Polestar 2 review: boot space, seating & practicality
It's spacious and comfortable enough for most families, but the Polestar 2's sloping roof does hinder practicality a little
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Generally speaking, the Polestar 2 is on par with its Tesla Model 3 rival when it comes to size and interior space: the Polestar is slightly shorter and wider overall, but certainly weighs a good chunk more. There's a decent amount of room front and rear and, as with many electric cars, there's luggage space both in the back and under the bonnet. The Polestar is run close by its Tesla rival in a few areas, but on balance there's much to like about the 2's packaging and versatility.
Polestar 2 interior space, storage & comfort
There's a good amount of space inside the Polestar 2. Front-seat passengers get plenty of head, leg and elbow room, but those in the rear could find things a little cramped due to the sloping angle of the roof line. This also means the door aperture is smaller than some might like, especially if there are child seats to fit. Similarly, the car's panoramic roof robs a little space.
Interior storage is adequate – there's a cubby ahead of the drive selector on the high-set centre console, as well as two large door bins and further space, plus two cupholders, under the centre armrest. There's a flip-down armrest in the rear for extra comfort; all four main seats are very comfortable, but centre-seat occupants are hampered by a transmission tunnel – a hangover from the Volvo XC40 – that encroaches on leg space.
There are two boots in the Polestar 2: one in the traditional location and another under the bonnet. This 'frunk' is small and slightly less usable than that found in a Tesla Model 3, but has enough space for some charging cables.
The main boot measures 405 litres – 20 litres down on its Tesla rival – but has the benefit of a full hatchback opening rather than the Tesla's 'letterbox' saloon aperture. That should make loading larger items far easier. Volume is limited by the steep rake of the rear window, as is the view out the back. A total of 1,095 litres can be freed up by dropping the rear seats.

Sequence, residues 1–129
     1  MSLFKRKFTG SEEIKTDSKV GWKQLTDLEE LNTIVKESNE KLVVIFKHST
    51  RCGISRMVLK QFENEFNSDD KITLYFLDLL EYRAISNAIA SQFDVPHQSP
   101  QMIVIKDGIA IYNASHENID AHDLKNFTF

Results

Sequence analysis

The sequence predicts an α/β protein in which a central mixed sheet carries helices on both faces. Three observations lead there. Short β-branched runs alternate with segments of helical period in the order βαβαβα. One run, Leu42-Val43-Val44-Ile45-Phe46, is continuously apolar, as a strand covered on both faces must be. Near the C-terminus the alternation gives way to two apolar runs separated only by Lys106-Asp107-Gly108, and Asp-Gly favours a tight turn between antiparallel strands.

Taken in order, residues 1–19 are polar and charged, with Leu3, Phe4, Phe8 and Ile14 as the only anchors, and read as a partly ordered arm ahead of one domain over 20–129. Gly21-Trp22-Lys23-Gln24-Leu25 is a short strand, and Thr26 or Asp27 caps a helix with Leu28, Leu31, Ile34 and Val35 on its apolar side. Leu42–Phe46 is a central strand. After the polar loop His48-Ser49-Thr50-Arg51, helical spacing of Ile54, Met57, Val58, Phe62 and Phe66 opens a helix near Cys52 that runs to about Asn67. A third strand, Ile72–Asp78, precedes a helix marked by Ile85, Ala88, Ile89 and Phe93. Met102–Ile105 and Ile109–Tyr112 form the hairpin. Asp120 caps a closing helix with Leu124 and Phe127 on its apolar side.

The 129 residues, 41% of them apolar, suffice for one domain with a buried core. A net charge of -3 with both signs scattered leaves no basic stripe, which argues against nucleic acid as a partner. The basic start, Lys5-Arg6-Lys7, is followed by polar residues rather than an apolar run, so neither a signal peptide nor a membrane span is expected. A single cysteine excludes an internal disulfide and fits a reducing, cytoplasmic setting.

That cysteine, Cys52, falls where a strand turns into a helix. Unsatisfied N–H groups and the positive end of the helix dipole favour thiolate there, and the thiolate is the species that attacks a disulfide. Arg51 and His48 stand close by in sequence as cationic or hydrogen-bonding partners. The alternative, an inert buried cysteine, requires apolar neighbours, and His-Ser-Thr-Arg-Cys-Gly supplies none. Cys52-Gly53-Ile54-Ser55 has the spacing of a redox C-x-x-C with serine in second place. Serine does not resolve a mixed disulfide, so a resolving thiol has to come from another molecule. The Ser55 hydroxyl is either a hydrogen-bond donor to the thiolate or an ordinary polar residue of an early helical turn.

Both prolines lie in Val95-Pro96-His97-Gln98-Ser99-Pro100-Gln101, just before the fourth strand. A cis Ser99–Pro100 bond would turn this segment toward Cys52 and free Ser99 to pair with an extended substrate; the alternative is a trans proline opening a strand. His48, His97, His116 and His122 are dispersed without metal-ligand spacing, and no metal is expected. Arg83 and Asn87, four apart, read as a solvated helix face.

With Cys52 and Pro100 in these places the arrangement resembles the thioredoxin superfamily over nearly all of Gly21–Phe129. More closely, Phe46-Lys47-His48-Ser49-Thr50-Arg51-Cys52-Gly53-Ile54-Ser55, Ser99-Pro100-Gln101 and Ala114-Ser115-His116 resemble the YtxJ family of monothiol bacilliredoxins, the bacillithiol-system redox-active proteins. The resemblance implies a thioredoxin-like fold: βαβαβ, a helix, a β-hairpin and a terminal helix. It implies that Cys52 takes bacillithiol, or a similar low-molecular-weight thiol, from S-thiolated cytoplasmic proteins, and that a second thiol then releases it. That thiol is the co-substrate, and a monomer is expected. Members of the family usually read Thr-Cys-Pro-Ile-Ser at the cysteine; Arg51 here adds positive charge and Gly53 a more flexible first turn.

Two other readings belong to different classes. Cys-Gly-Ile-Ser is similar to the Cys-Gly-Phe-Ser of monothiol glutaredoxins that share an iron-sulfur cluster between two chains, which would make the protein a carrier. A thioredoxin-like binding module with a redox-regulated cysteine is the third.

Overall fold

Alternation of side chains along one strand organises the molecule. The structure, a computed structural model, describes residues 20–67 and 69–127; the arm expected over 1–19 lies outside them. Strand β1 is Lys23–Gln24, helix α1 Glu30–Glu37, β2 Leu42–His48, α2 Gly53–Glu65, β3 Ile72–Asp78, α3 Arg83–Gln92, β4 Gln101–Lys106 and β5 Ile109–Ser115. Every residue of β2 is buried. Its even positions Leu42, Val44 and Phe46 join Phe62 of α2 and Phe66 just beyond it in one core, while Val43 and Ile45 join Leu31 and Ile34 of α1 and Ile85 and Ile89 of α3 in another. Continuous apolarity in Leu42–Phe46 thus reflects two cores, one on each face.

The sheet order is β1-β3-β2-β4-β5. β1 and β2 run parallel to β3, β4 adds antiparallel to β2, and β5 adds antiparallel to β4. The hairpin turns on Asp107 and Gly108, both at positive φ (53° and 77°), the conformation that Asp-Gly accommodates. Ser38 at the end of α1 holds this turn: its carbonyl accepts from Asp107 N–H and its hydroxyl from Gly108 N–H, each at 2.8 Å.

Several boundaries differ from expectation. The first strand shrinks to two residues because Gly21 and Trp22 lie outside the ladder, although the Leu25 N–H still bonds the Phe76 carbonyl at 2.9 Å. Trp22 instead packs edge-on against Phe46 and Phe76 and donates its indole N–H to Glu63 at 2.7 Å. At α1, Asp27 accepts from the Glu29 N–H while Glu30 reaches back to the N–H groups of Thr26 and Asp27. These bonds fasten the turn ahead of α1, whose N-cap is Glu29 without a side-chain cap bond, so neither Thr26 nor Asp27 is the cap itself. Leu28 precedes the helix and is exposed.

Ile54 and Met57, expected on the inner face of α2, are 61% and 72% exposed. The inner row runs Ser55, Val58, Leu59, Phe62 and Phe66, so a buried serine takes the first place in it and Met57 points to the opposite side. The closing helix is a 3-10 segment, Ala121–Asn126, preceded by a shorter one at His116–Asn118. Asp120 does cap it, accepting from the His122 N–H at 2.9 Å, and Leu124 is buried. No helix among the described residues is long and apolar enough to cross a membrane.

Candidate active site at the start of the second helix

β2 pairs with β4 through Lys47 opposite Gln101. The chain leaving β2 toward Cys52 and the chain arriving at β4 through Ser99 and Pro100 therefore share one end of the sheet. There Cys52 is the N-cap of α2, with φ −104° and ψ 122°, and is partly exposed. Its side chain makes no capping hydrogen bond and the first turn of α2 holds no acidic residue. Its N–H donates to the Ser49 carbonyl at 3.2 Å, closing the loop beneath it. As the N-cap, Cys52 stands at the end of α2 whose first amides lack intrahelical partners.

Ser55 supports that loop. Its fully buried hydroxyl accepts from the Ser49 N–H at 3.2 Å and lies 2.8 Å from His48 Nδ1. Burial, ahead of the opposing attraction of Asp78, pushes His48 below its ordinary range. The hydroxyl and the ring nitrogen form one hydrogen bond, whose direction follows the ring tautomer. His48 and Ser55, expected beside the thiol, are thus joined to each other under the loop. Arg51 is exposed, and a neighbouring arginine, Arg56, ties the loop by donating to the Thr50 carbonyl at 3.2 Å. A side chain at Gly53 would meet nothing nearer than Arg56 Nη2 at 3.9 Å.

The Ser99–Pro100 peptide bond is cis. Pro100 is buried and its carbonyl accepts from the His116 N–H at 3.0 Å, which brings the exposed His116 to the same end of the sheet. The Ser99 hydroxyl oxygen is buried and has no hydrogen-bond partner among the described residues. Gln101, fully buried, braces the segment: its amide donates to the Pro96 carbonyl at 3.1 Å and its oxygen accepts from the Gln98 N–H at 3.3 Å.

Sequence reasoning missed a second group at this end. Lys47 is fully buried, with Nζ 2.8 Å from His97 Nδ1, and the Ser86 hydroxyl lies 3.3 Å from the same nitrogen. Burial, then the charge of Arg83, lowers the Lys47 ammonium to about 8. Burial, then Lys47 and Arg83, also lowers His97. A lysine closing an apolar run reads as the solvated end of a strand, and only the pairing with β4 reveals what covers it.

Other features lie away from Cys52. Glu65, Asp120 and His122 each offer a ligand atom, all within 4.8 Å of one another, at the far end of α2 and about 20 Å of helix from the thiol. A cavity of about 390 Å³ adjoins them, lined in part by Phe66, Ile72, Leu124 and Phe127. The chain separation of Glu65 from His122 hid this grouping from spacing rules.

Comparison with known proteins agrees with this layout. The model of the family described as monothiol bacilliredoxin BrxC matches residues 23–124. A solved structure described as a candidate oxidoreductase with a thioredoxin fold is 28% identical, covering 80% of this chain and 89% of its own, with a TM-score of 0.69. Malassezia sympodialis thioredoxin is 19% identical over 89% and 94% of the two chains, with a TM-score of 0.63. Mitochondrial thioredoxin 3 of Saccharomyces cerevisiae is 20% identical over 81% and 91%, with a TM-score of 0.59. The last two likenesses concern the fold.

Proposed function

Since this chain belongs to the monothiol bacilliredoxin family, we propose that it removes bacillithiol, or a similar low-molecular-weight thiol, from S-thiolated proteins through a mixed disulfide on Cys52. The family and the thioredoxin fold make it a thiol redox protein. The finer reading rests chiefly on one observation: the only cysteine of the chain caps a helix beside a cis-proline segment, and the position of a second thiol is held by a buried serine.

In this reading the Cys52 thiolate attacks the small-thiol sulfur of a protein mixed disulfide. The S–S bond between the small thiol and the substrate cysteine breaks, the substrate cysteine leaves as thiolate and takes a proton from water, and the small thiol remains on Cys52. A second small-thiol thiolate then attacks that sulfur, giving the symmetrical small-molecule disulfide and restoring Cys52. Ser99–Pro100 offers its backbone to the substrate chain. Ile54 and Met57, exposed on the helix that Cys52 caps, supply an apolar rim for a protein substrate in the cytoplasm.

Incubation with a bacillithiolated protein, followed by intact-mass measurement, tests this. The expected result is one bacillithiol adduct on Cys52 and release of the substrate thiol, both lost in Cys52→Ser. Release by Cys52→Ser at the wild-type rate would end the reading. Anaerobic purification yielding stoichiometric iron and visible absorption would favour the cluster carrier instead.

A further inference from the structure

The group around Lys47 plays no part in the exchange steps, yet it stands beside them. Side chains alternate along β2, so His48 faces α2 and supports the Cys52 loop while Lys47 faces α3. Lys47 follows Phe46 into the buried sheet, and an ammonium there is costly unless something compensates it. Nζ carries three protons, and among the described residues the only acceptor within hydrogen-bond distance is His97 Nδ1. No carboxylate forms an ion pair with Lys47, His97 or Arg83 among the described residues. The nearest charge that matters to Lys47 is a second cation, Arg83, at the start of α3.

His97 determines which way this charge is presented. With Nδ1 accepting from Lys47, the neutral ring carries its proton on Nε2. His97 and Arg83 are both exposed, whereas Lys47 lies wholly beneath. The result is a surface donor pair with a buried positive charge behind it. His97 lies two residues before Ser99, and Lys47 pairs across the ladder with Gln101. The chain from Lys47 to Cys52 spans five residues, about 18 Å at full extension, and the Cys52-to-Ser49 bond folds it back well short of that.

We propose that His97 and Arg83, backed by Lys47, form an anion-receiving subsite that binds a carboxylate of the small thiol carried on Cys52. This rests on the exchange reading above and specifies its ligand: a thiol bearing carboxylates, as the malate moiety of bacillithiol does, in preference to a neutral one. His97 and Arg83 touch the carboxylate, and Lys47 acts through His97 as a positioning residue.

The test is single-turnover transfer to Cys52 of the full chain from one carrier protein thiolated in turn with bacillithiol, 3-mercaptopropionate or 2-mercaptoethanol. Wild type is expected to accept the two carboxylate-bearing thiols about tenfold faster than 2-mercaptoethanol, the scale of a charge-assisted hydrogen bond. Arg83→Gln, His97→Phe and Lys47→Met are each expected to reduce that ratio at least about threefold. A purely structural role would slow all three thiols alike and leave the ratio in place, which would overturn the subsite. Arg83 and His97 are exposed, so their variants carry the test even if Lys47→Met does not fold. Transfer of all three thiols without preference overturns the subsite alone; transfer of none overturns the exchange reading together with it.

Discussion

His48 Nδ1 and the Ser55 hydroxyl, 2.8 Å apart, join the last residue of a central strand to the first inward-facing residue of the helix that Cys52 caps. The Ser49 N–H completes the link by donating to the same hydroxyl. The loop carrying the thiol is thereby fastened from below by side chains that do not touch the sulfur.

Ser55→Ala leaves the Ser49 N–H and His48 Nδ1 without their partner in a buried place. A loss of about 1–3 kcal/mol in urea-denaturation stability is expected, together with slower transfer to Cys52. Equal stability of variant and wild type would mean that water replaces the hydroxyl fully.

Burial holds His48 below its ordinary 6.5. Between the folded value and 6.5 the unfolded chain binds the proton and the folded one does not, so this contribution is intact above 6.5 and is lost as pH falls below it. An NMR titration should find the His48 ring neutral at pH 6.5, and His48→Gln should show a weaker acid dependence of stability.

While some electric cars aren't rated for towing, every version of the Polestar 2 can haul a 1,500kg trailer with the optional tow bar fitted. That's enough weight to be able to pull a medium-sized caravan or a sailing dinghy, but it's worth noting that towing with the Polestar 2 is likely to reduce its range quite significantly.
In This Review
- 1VerdictWith the addition of two single-motor variants, Polestar's Tesla Model 3 rival is more affordable, but still strikes a great balance between practicality and desirability
- 2Range, battery & chargingLots of charging options and competitive range figures keep the Polestar 2 on par with its rivals
- 3Running costs & insuranceGenerous standard servicing deal and zero road tax until 2025 make up for what's likely to be an expensive insurance premium for the Polestar 2
- 4Performance, motor & driveIt's fast, grippy and safe, but the Polestar 2 doesn't offer the last word in driving pleasure
- 5Interior, dashboard & infotainmentGreat build quality, familiar architecture and impressive Google-powered infotainment all count in the Polestar 2's favour here
- 6Boot space, seating & practicality - currently readingIt's spacious and comfortable enough for most families, but the Polestar 2's sloping roof does hinder practicality a little
- 7Reliability & safety ratingThere's no concrete data yet, but Volvo roots bode well for the Polestar 2 in these areas